Evaluation of medical tests and biomarkers, systematic review methodology, non-randomised evaluations of health care interventions
Evaluation of medical tests and biomarkers
The evaluation of medical tests for purposes of diagnosis, prognosis, monitoring and predicting treatment benefit is a developing area, and historically has not been as well developed as methods for evaluating the effects of health care interventions. Many challenges exist in the design, execution, analysis and reporting of studies assessing tests.
Jon’s methodological research activity over the last decade has most closely focused on evaluating tests for diagnostic purposes, looking both at assessing test accuracy and the impact that tests have on patients. Projects have included looking at methods for evaluating accuracy in the absence of a reference standard, methods for meta-analysis, investigation of publication bias in test research, and the design and analysis of randomised trials of tests. He has also recently started to investigate methodological issues arising in the application of tests for purposes of monitoring.
In addition to methodological research, Jon has also provided statistical and methodological expertise for a portfolio of primary studies of research, from evaluation of blood tests for tuberculosis, to the use of PET imaging for the diagnosis and staging of cancer.
Jon leads the Cochrane Collaboration's diagnostic test accuracy activity, developing methods and providing support, training and editorial processes for producing high quality systematic reviews of diagnostic test accuracy. These reviews are beginning to be published in the Cochrane Library, the world's foremost source of evidence on the effects of healthcare interventions.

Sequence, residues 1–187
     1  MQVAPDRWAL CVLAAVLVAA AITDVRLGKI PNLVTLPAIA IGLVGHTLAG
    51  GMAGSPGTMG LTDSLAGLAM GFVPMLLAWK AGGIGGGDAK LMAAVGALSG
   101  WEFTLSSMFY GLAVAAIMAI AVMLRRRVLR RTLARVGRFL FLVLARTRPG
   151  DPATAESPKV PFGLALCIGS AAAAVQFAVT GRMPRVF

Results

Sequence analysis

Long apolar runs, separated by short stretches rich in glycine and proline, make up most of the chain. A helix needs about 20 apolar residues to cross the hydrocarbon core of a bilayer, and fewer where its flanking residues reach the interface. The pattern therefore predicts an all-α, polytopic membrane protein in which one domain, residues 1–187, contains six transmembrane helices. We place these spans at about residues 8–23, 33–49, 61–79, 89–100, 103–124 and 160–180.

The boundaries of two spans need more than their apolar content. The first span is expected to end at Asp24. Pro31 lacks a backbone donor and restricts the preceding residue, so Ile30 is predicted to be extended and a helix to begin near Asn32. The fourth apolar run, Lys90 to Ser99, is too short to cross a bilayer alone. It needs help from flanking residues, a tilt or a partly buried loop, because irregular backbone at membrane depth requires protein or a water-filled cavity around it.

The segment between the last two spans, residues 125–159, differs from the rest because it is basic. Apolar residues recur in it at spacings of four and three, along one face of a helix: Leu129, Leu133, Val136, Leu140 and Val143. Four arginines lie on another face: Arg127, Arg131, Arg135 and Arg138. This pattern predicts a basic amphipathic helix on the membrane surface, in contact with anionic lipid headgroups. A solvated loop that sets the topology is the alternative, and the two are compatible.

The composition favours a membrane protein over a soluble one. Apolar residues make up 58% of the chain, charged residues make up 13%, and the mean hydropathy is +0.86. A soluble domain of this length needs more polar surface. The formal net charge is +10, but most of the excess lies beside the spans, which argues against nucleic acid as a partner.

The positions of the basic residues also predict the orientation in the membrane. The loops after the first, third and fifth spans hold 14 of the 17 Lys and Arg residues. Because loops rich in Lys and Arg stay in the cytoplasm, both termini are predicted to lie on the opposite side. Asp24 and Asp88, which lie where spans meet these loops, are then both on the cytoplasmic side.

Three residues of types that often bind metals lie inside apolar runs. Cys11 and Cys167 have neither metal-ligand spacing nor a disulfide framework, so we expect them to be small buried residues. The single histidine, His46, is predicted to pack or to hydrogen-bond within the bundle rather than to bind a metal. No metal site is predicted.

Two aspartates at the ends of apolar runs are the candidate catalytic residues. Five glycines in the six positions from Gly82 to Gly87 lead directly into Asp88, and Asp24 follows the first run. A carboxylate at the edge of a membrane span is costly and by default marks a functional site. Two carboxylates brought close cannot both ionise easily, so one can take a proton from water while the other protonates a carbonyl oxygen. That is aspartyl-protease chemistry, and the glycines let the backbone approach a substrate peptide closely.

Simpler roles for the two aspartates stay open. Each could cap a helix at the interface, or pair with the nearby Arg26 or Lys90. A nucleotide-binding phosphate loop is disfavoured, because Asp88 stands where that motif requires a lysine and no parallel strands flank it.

Systematic review methodology
Systematic reviews seek to collate all evidence that addresses a particular research question, appraise its relevance and validity, and produce a summary of its results, often in numerical form through meta-analytical methods. Jon has been involved in the appraisal and synthesis of evidence for around 20 years, first producing the Guidelines for Systematic Reviews at the NHS Centre for Reviews and Development (NHS CRD Report 4), contributing several key chapters to systematic review texts and handbooks (including the Cochrane Collaboration’s Handbook), and working on software algorithms for meta-analysis (including RevMan and the Stata metan ado function). His main methodological research contributions for reviews of health care interventions have been in assessing methods for meta-analysis of rare events and the choice of summary statistics for meta-analysis. More recently his research interests have focused on methods for the synthesis of evidence evaluating medical tests as described above.
In addition, Jon has co-authored over 30 systematic reviews across many different fields. These range from evaluating the benefits of circumcision to prevent transmission of HIV, through to evaluating the effectiveness of vaccines and drugs. More recently his published reviews have been on evaluations of tests, including screening for glaucoma, rapid diagnostic tests for malaria, and the use of imaging in the diagnosis of various diseases including multiple sclerosis, stroke and cancer.
Non-randomised evaluations of healthcare interventions
There are many situations in healthcare where no or very few randomised trials are available, but other evidence from non-randomised studies (NRS) exists. Sometimes the lack of RCT evidence is for practical reasons (such as difficulties in recruiting to a trial), logistic reasons (such as the infeasibility of randomising the introduction of legislation or organisational change), or because RCTs would be inadequate to address the question (such as when outcomes are rare or require extended follow-up). In many circumstances RCTs may simply never have been undertaken. Non-randomised comparisons are also made when comparing health outcomes between hospitals.
For clinicians and healthcare policy makers looking at non-randomised evidence it is important to gauge the likelihood and magnitude of possible biases that could affect the results of non-randomised studies in order to wisely interpret their results. Jon has been involved in work investigating the degree of bias in non-randomised studies, and studies to evaluate the ability of case-mix adjustment methods to correct estimates of treatment effects for selection biases inherent in non-randomised evaluations.